The 147 Banks and Super-Companies that Run The Entire World Economy
The 1% indeed: a new study of the global economy and wealth concentration has identified a complex system of only 147 banks and corporations around the world which share in the largest chunk of the change. While that number might not seem too shocking to those of us paying attention, this study, "by a trio of complex systems theorists at the Swiss Federal Institute of Technology in Zurich, is the first to go beyond ideology to empirically identify such a network of power," writes New Scientist. In other words: valuable data which will not only strengthen OWS' political arguments but will help us identify whether, and how, the global economy is unstable.
The work, to be published in PLoS One, revealed a core of 1318 companies with interlocking ownerships (see image). Each of the 1318 had ties to two or more other companies, and on average they were connected to 20. What's more, although they represented 20 per cent of global operating revenues, the 1318 appeared to collectively own through their shares the majority of the world's large blue chip and manufacturing firms - the "real" economy - representing a further 60 per cent of global revenues.
When the team further untangled the web of ownership, it found much of it tracked back to a "super-entity" of 147 even more tightly knit companies - all of their ownership was held by other members of the super-entity - that controlled 40 per cent of the total wealth in the network. "In effect, less than 1 per cent of the companies were able to control 40 per cent of the entire network," says Glattfelder. Most were financial institutions. The top 20 included Barclays Bank, JPMorgan Chase & Co, and The Goldman Sachs Group. [...]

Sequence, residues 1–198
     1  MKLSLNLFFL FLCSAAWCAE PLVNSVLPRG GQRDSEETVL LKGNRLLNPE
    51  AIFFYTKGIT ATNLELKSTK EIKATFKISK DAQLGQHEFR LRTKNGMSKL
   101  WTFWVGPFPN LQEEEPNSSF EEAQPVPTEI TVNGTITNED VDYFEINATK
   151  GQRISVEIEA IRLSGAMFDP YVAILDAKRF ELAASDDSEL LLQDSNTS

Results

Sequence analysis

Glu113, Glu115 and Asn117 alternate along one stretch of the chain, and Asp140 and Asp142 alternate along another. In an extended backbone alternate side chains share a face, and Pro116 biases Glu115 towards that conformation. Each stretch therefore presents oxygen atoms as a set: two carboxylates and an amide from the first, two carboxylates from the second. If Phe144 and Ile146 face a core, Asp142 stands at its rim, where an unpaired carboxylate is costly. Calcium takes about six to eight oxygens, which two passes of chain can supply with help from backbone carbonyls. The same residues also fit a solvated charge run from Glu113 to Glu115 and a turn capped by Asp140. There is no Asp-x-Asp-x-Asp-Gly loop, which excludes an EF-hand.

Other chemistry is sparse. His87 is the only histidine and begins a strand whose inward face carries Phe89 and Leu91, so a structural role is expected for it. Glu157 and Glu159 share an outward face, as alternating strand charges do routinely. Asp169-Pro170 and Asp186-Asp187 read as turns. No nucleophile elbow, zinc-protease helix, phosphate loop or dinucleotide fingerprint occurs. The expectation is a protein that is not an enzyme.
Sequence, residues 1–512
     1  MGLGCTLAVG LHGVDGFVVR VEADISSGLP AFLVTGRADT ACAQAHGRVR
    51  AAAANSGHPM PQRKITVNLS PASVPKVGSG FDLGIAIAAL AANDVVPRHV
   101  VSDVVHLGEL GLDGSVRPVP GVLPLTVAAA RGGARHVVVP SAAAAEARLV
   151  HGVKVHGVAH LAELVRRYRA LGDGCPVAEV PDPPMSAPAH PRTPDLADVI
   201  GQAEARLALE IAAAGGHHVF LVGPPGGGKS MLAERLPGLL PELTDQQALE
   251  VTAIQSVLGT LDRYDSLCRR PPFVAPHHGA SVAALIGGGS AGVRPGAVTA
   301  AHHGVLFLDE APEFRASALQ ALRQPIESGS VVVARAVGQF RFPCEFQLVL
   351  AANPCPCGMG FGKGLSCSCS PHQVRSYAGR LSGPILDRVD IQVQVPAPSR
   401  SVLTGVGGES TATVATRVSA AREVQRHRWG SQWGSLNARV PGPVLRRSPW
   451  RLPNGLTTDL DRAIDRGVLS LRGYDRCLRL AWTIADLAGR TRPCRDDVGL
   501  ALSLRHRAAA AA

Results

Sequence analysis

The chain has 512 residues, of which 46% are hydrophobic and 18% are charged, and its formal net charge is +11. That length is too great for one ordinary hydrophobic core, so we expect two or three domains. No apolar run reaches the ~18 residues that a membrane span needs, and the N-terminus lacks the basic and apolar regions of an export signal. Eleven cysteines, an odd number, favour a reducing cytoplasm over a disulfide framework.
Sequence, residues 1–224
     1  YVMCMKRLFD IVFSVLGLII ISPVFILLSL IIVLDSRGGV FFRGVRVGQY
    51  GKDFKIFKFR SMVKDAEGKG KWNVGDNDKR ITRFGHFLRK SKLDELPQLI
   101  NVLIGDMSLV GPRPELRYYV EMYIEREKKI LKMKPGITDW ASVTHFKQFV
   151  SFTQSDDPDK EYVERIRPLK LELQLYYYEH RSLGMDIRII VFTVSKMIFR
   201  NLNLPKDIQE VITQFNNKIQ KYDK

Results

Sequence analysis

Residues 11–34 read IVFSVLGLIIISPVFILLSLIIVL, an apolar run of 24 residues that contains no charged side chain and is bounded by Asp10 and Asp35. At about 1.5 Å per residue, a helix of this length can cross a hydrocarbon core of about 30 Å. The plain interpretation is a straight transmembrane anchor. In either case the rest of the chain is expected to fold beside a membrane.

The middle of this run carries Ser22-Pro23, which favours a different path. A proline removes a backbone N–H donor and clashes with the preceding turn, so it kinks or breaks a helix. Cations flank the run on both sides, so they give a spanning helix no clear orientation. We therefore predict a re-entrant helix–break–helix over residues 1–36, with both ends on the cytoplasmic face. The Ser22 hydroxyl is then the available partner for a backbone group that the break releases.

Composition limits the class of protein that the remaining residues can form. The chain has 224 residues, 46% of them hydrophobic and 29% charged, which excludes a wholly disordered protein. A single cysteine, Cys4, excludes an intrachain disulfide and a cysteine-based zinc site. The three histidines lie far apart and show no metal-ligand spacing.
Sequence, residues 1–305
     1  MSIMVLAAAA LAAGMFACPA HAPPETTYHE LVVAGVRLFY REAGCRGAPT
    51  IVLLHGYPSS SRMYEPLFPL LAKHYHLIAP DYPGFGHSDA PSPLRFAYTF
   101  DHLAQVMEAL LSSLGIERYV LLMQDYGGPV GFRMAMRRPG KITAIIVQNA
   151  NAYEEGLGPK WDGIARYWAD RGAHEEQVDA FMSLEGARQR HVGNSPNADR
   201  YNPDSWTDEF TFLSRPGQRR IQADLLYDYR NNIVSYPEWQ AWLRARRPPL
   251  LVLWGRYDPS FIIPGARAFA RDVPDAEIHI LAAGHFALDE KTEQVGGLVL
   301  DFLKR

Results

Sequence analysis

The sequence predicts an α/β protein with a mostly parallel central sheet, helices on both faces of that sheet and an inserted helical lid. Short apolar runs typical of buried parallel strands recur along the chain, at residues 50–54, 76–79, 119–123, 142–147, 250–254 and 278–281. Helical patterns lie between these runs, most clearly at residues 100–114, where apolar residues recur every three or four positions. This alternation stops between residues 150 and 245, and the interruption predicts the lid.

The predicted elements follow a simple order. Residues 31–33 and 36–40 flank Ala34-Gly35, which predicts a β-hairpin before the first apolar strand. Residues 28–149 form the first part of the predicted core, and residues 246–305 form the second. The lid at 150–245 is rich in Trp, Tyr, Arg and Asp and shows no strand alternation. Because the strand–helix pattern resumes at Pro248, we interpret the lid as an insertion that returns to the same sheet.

"It's disconcerting to see how connected things really are," agrees George Sugihara of the Scripps Institution of Oceanography in La Jolla, California, a complex systems expert who has advised Deutsche Bank.
For OWS purposes: Merrill Lynch is at number 10, Goldman Sachs at 18, Morgan Stanley 21, Bank of America sits at 25. Number one? Barclays, which currently helps fund Robert Mugabe, among other things. The scientists in the study were split on whether economic concentration necessarily amounted to political power, but it's certainly a porous distinction in some places. Read the full summary and list at New Scientist.